OUIJA: ORIGIN OF EVIL – Setting Up The Board

Directed Mike Flanagan
Starring Elizabeth Reaser, Annalise Basso, Lulu Wilson, Henry Thomas

Although critically pilloried 2014s Ouija earned more than enough at the box office to ensure a follow up. This time the Hasbro game turned instrument of evil (like some demoniacally possessed Jumanji) gets a prequel set in the late 60s in Ouija: Origins Of Evil.

When a ouija board is brought into the Zander’s house, Doris (Lulu Wilson) soon finds she has the ability to communicate with the dead. Although her mother (Elizabeth Reaser) is delighted that her youngest has inherited her families connection with the spirit world, Doris’ sister Paulina (Annalise Basso) is more sceptical. As she seeks the aid of her school priest (Henry Thomas), an evil works through the board with plans of its own.

Most of Ouija: Origin Of Evil energy is spent in set up. After all it is a prequel and needs to lay the ground work and mythology for the for the first film. This is does solidly, giving us a good sense of period and character, laying the bones for the horror to follow. It just that despite this strong set up, and even a couple of genuinely frightful moments throughout the film, Ouija never lives up to this potential. Its ending refuses to bring enough fright and gore to justify the slow burn set up. The result is something that is solid, but not quiet rewarding enough on its own merit. It has little catharsis and the final act feels perfunctory and rushed.

Which is a bit of a shame, as there are a number of elements here that worthy of attention.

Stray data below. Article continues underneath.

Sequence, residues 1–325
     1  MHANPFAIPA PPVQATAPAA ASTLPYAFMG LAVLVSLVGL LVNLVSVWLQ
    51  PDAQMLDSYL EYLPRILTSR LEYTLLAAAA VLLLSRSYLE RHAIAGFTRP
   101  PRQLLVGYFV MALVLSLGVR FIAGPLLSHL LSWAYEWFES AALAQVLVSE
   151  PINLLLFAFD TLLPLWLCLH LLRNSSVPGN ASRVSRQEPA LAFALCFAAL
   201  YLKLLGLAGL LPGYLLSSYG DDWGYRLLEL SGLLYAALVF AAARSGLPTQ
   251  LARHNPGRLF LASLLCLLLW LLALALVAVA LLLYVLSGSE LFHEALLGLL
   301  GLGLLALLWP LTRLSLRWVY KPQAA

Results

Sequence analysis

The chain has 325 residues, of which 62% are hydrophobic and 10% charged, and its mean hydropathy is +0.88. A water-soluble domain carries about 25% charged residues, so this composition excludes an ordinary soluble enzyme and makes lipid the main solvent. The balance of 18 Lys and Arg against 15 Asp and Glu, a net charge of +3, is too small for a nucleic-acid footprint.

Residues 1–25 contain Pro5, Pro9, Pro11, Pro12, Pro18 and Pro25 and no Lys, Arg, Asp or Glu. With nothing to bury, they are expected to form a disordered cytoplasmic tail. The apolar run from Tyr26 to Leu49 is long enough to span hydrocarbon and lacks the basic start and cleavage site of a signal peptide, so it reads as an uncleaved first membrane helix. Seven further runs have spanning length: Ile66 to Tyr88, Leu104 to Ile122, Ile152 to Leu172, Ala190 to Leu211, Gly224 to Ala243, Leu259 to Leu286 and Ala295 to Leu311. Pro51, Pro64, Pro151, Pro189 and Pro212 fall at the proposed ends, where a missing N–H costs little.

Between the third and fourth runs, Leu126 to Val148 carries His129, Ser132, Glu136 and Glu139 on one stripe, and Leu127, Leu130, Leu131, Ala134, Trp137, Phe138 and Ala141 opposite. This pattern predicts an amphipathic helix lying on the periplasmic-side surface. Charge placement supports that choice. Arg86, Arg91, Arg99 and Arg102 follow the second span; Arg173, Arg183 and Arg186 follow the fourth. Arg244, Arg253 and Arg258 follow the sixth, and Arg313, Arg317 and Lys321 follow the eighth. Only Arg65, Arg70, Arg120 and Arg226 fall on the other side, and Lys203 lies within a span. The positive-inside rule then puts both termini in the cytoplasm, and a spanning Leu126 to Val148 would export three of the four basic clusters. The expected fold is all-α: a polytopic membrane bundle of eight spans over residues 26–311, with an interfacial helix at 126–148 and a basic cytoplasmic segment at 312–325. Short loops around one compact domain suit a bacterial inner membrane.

By having the Zander family earn their living through a spiritualist con game, it allows the script a decent leeway to discuss how the board works, and how it can be faked. These elements get some pay-off when genuinely supernatural events start to happen.

Despite a few small inconsistencies, it also makes the most out of its 60s setting, pitching this tale of supernatural evil against the background of the Space Race. It gives Oujia a great resonance, as if it is poised at a historical tipping point, moving from superstition to science.

Then there is Lulu Wilson. The young actress makes a stunning addition to the “creepy kid” horror trope. Cherubim when she needs to be, utterly terrifying at other moments, she owns the role of the demonic possessed Doris, with a vengeance. Even without special effects, her delivery is so chilling at times you understand why the cast back nervously away from her. Add dead white contact lenses, or a prosthetic jaw stretched to inhuman levels, and audiences are leaping out of their seats, shrieking.

However these moment are the exception, rather than the rule. There is much here that we have seen before, and the scares are a bit few and far between. A good effort that just doesn’t quiet bring enough to push it over the line to great.